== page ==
3. Clarity. Time spent away from home and all things comfortable has a way of clarifying that which is most important. Trekking from place to place with everything you own strapped to your back will make you think twice about your material “needs”. Watching a mother drop her child off at an orphanage because she doesn’t have the money to feed all three of her children will make you reconsider what “good parenting” means. Working with an NGO in a foreign country will forever make you look more closely at where your donated dollars are going. Visiting Mother Theresa’s homes in Kolkata will make you question the party line about mission work in the third world. Watching the sun cast shadows over ancient Mayan temples will make the history you think you know look dull. Meeting living victims of your country’s foreign policy will make you wonder just what else is being done in your name.
If it sounds like travel raises a whole lot of questions and not a whole lot of clarity, that is only partly true. Travel certainly and inevitably does raise innumerable questions…but the clarity lies within those questions. Clarity does not mean “figuring it all out”. Some questions will be answered, some will not. The very realization that the questions exist is clarity in itself.
2. Empathy. Over the course of this long, continuous journey, I have come to the conclusion that pity and empathy do not look the same. Pity is what I had for people who were “less fortunate” than me back before I had met any of “those people”. Pity allowed me to see myself in some small way as “better than” and in no way did it serve me or those I thought needed me to do something for them. Pity paralyzed and disconnected me.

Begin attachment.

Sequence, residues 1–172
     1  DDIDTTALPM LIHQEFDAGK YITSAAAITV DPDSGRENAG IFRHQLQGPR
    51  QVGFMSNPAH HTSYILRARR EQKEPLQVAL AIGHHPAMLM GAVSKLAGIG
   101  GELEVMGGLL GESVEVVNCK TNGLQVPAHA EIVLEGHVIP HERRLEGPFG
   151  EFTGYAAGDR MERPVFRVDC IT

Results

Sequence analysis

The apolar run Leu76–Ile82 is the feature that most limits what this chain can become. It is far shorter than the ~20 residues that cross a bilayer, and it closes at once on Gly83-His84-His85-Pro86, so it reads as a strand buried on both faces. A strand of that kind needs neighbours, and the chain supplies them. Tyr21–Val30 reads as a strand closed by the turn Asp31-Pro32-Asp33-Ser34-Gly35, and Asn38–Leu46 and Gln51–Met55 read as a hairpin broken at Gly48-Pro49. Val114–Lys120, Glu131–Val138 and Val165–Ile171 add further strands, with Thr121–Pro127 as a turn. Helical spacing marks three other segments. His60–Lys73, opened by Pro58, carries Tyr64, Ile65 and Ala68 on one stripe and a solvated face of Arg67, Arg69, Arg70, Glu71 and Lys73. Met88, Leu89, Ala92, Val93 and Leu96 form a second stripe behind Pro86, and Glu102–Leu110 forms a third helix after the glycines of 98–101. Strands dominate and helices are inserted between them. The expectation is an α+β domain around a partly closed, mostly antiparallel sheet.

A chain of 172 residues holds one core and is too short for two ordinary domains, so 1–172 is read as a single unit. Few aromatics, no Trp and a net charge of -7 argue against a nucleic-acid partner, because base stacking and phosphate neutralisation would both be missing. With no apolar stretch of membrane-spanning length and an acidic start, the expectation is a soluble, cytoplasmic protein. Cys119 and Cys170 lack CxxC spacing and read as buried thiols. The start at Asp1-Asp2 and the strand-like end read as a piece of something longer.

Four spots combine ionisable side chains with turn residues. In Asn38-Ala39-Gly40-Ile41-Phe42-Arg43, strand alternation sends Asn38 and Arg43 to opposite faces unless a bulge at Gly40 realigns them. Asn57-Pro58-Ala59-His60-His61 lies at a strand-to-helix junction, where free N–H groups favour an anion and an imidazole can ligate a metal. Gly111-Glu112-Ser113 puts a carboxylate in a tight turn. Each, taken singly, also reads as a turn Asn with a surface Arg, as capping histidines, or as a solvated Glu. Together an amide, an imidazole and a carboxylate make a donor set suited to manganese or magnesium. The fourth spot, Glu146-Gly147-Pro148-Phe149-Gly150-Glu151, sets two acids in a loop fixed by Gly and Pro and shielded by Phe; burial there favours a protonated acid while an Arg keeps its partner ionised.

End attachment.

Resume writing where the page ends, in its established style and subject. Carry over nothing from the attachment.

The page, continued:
Empathy is what I hold now that I have helped birth babies, cook meals, and redefine education with people who would have previously been considered “less fortunate”. The key word in that last sentence is WITH, not FOR. I recognize the core of our shared human experience reflected in circumstances I will never fully understand. I have learned to actively remind myself that poor is not synonymous with “less fortunate” any more than rich is synonymous with “happy”. I still struggle with the “why” of our world’s inequality but I now know that the “how” for doing something about it depends on our ability to empathize, not pity.
1. Perspective. Triumphs and tribulations have a way of seeming really, really big when we have nothing to compare them to. Exploring our vast and varied world has given me the opportunity to step outside of the day to day that we all get caught up in and see the larger picture. Long term travel reminds me regularly that no matter the political, philosophical, or economic agendas being pushed back home, this is the one and only shot we have got at this life. I could spend every day hemming and hawing about the socially acceptable way to live this life (according to my home culture) or I can actually live it. The mundane must still be dealt with and the day to day must still be lived but at the end of my life, I will be damned if I look back and think ” I should have done more”.
What are the best gifts travel has given you?